1) What will you learn by taking this course? Knowing the content helps a student figure out if the course is useful to them or not.
2) What majors can this course be taken for credit in. For unique majors, this might not be useful, but for common majors that most students are in, this is good to know.
3) What knowledge is needed before starting the class? Stating this might have the biggest change: right now, a lot of colleges use their own course numbers for that. This won't work: colleges would need to say what knowledge students need. Students could choose other classes or do independent study to prepare, they just need to know the prerequisite information and they should be fine.
4) What's the learning method? This part includes how the testing is done, homework, meeting days and times, if it's online or not, and more.
For #2, I figure a list of what majors it's been counted towards before would work. There might need to be some sort of standard about schools being consistent about counting stuff towards the same majors, but I don't know how to work that one out.

For #4 and online classes, the question of "do I need to get to campus for the final" is important, because if not, you might be able to take this class while physically at a different place depending on college policies. (I think they should be cool with this, logistics is another story.)
Writing syllabi this way, students could look at multiple universities courses and figure out what course program suits them best. They could plan out where to study when and go to multiple different schools: letting students do this is why he was saying to globalize. Different colleges having different courses isn't an obstacle, but rather a reason that a student would want to study at different schools. In my humble opinion, the best method for colleges isn't to make course standards the same, but to have syllabi written with the same methods/information.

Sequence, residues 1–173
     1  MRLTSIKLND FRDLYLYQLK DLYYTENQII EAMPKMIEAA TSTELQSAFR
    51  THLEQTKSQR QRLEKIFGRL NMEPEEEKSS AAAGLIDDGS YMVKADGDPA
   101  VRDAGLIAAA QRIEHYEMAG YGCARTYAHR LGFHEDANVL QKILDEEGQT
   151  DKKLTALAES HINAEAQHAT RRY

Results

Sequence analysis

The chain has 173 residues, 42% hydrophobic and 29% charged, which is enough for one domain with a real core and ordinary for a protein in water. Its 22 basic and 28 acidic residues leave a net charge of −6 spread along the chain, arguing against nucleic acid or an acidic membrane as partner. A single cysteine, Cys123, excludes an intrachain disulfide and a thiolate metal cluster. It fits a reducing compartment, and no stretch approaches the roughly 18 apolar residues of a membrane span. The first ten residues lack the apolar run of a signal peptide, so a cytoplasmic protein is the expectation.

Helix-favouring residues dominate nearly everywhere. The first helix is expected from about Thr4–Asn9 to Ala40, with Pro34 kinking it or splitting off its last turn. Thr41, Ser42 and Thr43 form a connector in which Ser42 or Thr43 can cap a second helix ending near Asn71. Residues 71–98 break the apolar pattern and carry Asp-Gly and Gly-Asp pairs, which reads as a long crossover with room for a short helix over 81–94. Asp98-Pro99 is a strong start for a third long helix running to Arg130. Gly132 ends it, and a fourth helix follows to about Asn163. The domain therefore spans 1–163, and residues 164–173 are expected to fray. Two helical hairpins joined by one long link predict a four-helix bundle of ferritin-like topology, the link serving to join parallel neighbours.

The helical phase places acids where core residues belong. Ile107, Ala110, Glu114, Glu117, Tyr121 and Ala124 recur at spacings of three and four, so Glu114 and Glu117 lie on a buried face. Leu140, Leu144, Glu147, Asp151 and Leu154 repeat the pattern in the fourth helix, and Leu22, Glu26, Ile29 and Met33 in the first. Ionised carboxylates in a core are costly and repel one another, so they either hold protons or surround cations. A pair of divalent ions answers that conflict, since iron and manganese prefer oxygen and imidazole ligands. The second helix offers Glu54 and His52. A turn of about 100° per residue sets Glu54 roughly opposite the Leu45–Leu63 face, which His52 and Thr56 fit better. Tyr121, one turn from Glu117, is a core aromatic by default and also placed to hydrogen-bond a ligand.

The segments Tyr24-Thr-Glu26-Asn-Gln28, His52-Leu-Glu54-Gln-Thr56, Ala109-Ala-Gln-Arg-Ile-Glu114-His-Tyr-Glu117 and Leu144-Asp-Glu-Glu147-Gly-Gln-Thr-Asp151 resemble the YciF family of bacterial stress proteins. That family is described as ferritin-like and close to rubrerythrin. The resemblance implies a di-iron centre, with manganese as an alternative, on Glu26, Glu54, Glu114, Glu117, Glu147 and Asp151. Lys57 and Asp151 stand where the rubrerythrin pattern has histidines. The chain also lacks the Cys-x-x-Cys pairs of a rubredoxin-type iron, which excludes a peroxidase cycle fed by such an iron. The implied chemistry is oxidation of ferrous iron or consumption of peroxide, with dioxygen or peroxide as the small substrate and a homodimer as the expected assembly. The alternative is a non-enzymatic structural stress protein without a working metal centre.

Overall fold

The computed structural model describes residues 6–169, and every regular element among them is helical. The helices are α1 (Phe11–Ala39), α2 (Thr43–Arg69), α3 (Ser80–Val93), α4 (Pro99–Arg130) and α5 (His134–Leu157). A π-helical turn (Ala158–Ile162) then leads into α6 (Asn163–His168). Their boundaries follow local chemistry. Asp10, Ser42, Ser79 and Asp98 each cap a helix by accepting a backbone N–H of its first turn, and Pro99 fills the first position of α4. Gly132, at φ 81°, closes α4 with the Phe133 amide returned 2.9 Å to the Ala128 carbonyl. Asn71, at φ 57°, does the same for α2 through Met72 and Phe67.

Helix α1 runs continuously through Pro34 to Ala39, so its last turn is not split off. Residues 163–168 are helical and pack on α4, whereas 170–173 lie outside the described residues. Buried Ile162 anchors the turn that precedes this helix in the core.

So "in my humble opinion" was a language bit we were supposed to make sure to use in class.
I don't think there should be a requirement to translate the syllabus on the school or anything- it should probably be written in whatever language the class is being conducted in, because if you can't understand it in that language, you'd probably have an issue taking a class conducted in that language. But there also shouldn't be a rule against providing translations of the syllabus/course introduction/course description either. Up to the teacher if they want to make those.

My feelings on globalization are also kind of mixed. I see how some pieces of it could be really cool- more people knowing more languages means more opportunities for communication (but it shouldn't need to be an "everyone learns the same one," just a "more languages is useful.") But the way it actually seems to be turning out looks more like "international corporations have huge amounts of power" combined with "the folks who were already powerful got more powerful." I'd like to see a version of globalization that worked as an equalizing force, though.

1 comment:

  1. Standardisation is practically impossible, anyway. Take a major like English Literature. Sounds pretty straightforward doesn't it?

    Yeah. To an English person.

    For me, studying English Literature meant we spent the better part of the first two years gaining enough proficiency in English to be able to study English literature at an academic level. And that's WITH English being a required foreign language in high school.

    You simply can't hold studying English Literature as a foreign language to the same syllabus standards as studying literature in your native language. The process is completely different, even though the subject is exactly the same.